Starling roost - Pembrokeshire
Today, I returned to my house in Wales. When I arrived I noticed there were crusty droppings on the floor, not unlike the body fluid that moths squirt if disturbed. Strange to find these in December - and so many of them; on the window sills, the cupboard doors, the bathroom sink. I noticed too, dusty marks on the ceiling and walls.
On the floor of my bedroom lay the body of the culprit. It was a young starling; I suppose it came down the chimney and become trapped, eventually dying from lack of food and water - perhaps from panic. It must have happened recently, the body was soft and sleek; decay not set in.
As I disposed of the corpse, it struck me what a beautiful bird the starling is. The feather pattern is a pearlescent blue-black, changing form and colour with the angle of the light. A starlings head is small with a dark green eye that in this case remained open, it's beak dagger sharp, longer and more elegant than I realised. The whole body weighed no more than few ounces. It's wings opened one last time as I flung it into the field beyond my garden.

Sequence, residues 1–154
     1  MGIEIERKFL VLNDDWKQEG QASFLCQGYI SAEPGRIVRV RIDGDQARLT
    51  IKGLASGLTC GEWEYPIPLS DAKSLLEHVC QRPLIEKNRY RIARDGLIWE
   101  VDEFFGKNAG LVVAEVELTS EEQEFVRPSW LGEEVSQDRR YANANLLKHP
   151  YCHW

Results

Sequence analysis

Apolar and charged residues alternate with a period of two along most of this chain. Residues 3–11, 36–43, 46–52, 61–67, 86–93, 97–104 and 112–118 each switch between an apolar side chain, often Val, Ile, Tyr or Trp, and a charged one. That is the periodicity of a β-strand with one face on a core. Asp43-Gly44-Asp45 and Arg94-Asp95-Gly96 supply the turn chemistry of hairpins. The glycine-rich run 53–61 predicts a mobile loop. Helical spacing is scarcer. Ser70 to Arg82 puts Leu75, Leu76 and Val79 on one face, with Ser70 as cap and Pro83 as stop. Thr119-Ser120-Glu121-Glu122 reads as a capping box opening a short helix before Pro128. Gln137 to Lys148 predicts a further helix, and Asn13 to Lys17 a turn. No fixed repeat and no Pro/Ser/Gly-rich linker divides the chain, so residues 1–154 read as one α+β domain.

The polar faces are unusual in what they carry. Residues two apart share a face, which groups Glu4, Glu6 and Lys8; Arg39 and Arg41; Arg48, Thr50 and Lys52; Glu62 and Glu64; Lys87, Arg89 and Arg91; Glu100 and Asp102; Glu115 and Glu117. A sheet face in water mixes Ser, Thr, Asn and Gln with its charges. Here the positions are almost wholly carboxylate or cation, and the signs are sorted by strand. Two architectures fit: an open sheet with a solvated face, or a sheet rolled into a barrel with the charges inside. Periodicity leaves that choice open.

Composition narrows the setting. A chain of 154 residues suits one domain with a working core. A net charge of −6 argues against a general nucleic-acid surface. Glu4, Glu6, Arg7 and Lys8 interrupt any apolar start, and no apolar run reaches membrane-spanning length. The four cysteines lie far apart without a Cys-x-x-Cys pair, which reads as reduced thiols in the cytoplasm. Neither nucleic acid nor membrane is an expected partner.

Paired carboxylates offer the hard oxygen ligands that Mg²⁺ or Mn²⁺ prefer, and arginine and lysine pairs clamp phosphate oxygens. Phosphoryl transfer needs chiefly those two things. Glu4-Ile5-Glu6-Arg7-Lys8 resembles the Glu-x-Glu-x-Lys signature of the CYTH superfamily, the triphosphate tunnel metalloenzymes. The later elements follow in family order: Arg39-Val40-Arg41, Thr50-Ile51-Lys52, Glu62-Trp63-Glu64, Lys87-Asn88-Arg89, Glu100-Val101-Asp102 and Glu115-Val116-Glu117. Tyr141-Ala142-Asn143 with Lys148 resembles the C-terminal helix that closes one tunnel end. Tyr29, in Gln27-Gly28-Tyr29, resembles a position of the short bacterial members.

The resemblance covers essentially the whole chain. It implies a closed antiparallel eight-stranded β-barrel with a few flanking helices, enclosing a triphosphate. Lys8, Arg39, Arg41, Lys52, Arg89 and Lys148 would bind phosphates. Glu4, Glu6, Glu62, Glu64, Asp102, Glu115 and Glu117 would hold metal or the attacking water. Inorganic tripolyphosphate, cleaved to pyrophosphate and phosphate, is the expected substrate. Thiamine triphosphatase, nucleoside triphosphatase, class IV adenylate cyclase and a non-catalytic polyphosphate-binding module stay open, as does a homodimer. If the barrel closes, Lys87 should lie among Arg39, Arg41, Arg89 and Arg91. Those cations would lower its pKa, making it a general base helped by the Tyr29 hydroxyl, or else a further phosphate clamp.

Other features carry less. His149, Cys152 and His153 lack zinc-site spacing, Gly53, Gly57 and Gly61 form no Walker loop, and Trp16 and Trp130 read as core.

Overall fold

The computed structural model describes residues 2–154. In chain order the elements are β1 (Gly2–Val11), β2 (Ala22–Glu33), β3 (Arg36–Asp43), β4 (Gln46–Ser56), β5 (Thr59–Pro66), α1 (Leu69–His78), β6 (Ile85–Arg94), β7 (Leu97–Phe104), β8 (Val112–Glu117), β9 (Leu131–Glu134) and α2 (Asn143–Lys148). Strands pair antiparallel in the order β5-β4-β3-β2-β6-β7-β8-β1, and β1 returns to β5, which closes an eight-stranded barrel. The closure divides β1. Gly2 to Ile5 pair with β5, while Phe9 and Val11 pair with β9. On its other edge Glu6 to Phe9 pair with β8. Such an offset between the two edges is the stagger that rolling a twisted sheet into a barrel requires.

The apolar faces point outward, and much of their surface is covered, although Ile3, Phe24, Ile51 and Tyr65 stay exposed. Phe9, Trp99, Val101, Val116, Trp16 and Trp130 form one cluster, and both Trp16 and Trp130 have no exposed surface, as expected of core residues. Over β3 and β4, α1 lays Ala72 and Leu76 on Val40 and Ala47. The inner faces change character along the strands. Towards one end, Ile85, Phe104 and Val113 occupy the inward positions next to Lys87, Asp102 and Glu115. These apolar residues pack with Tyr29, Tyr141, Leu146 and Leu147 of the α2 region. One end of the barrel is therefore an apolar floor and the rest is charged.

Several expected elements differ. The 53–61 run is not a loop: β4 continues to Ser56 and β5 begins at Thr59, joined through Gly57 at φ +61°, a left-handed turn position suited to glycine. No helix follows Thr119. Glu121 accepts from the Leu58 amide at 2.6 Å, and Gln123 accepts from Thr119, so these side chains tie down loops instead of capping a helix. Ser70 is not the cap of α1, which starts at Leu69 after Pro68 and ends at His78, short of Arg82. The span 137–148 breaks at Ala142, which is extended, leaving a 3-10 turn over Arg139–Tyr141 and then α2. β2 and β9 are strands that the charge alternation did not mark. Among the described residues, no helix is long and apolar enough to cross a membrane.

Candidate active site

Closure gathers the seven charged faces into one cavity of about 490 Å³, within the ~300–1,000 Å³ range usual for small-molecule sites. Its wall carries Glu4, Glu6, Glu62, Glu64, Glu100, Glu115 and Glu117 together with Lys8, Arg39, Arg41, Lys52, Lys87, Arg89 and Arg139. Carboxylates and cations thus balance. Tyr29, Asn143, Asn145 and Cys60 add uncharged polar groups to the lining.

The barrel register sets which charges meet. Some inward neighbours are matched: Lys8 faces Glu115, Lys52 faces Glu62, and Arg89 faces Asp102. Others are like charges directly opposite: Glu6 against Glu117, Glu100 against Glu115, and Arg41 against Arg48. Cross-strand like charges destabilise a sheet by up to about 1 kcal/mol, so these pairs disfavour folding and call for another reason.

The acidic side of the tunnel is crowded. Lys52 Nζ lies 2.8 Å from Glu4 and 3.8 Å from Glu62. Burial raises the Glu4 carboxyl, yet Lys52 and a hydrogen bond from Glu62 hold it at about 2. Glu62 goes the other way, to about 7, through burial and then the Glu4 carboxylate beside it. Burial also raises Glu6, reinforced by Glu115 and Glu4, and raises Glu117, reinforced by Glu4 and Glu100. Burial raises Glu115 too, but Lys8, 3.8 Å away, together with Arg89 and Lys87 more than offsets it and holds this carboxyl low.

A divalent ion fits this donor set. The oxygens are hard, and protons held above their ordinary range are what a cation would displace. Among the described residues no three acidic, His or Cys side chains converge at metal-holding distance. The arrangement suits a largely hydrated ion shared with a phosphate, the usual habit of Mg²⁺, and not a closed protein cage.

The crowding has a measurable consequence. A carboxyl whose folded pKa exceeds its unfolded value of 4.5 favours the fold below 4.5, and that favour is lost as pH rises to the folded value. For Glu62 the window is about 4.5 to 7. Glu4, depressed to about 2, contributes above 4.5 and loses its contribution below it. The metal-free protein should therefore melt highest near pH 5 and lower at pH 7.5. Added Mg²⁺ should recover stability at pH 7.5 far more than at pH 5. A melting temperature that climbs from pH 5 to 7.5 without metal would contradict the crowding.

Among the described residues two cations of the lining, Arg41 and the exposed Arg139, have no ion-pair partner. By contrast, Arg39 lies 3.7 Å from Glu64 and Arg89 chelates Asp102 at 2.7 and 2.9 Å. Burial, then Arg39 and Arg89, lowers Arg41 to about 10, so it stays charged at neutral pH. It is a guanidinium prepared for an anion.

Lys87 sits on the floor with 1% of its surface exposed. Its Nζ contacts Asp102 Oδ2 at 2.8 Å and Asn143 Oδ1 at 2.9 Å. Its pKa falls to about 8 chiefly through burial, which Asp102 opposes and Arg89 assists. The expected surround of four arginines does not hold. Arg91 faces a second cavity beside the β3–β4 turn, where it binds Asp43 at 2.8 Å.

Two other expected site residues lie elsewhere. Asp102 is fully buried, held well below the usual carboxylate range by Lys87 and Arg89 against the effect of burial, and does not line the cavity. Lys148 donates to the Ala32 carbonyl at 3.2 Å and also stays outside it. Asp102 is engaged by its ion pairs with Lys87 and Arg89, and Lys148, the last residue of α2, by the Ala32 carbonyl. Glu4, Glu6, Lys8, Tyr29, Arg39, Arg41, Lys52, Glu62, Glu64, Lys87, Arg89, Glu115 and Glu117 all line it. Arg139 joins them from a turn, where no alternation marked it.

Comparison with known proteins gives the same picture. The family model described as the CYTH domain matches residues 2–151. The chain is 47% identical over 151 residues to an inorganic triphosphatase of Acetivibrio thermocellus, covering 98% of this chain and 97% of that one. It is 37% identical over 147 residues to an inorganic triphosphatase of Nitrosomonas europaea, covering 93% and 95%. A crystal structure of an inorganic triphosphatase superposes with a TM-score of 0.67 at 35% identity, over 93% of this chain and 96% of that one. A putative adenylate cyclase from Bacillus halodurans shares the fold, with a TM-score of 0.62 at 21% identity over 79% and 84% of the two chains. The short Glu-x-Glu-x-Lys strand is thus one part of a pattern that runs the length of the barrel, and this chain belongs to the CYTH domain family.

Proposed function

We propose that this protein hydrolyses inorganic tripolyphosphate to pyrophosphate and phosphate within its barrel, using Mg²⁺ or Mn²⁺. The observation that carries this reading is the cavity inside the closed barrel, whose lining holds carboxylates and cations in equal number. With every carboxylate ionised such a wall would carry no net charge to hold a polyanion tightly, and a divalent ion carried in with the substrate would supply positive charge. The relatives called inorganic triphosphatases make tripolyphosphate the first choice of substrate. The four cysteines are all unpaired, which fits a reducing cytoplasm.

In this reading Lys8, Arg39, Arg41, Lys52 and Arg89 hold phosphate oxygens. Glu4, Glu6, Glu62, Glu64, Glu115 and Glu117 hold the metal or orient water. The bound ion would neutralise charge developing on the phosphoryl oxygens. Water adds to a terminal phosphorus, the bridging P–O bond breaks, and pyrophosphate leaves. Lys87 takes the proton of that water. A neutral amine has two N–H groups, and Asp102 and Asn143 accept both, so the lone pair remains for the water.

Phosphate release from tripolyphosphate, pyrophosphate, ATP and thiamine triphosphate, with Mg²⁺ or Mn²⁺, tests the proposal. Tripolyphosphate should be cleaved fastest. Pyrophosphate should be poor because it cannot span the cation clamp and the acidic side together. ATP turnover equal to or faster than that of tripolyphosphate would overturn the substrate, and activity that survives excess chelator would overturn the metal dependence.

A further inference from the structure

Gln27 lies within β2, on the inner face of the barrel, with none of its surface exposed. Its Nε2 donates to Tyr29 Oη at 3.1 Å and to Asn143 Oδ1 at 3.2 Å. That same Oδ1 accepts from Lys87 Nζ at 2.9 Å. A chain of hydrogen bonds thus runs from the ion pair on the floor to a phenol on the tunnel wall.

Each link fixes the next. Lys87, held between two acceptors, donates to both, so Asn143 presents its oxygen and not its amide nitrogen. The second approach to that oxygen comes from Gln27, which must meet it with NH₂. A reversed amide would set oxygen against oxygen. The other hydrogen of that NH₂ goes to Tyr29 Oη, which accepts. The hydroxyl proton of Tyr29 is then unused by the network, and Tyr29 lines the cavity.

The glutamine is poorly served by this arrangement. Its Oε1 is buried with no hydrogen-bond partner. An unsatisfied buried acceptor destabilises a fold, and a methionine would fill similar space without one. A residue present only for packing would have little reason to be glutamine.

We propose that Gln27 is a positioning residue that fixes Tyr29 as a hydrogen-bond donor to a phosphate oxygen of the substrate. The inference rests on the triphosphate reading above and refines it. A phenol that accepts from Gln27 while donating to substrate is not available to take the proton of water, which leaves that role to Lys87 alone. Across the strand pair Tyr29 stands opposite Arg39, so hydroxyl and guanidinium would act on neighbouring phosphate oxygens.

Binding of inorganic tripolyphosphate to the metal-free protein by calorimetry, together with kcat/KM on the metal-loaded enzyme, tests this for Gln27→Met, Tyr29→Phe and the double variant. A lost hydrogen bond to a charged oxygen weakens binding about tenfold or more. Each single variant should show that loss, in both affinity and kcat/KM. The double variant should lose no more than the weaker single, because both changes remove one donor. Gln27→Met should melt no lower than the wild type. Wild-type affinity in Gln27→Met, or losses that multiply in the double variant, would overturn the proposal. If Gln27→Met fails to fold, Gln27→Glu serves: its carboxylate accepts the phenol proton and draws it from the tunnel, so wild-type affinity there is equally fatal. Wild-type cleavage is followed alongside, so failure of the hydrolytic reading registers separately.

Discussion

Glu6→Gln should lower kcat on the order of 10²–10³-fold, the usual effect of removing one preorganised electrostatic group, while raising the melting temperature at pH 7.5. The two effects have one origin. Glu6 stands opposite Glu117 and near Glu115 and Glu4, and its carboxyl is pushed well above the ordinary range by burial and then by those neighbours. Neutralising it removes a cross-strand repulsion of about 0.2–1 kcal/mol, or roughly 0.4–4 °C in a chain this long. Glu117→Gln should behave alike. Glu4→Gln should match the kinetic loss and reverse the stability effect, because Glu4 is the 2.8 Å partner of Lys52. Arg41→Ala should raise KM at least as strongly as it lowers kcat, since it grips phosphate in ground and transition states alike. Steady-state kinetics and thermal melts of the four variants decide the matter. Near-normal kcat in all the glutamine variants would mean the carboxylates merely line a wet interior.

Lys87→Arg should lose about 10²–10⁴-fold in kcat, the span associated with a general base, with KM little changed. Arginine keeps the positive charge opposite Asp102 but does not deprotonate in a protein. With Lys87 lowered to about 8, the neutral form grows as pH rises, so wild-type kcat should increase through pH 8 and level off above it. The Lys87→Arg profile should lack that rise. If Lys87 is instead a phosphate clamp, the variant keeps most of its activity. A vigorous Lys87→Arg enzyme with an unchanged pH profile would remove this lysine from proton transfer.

An hour later I stood under two million more.
Every evening in winter, up to three million starlings gather in a small copse of trees near my house. It is the largest roost in Wales, and an extraordinary sight to witness. People I tell about it, often ask if the birds swirl in fish-ball patterns, keen to hear of a spectacular aerial display. Sometimes the starlings do this, but more often, and especially when it is cold, they fly straight to the trees. It is not a disappointment.
For thirty minutes this evening the sky was black with their arriving; at one point they were literally brushing our heads, the din of their collective chattering like a river in spate. Amongst them flew buzzards, a sparrow hawk and evidently two goshawks had been there earlier. As the sun set over St Brides Bay, the silhouettes of the late comers were streaking against an orange and purpling sky.
To stand under that many birds is surprisingly beautiful. And I realised tonight it is the closeness to them which makes it so. The swirling displays are spectacular when they happen, but usually they take place at a distance. Like the bird I found in my house, it is the physical presence, the tactile sense of something beyond us, that best allows us to see the world differently.
What a welcome home.
Mark writes at www.viewsfromthebikeshed.blogspot.com